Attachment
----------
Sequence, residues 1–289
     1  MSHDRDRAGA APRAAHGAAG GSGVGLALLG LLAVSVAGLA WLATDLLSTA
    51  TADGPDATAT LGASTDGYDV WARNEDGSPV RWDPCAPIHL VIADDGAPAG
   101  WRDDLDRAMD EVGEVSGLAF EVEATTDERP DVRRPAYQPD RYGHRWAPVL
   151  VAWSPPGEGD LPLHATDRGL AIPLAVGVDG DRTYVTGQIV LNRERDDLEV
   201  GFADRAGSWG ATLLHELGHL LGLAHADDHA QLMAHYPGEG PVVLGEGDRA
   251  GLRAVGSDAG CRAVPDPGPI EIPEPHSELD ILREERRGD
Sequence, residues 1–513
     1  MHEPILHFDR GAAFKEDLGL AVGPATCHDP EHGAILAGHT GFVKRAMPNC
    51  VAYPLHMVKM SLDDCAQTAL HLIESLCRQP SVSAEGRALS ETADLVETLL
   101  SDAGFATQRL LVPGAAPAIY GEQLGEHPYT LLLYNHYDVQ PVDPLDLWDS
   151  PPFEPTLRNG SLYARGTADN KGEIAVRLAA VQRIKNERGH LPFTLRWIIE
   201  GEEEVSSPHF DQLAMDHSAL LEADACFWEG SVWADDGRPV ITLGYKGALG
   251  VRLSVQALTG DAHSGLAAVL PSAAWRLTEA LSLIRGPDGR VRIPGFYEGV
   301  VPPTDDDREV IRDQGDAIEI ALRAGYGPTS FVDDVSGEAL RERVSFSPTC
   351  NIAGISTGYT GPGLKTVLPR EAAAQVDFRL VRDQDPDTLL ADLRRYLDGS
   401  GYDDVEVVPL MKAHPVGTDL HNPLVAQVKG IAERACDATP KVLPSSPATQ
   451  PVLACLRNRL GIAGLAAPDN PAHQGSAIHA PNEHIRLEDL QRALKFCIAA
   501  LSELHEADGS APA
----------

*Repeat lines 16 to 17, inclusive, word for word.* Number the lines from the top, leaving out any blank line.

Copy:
   351  NIAGISTGYT GPGLKTVLPR EAAAQVDFRL VRDQDPDTLL ADLRRYLDGS
   401  GYDDVEVVPL MKAHPVGTDL HNPLVAQVKG IAERACDATP KVLPSSPATQ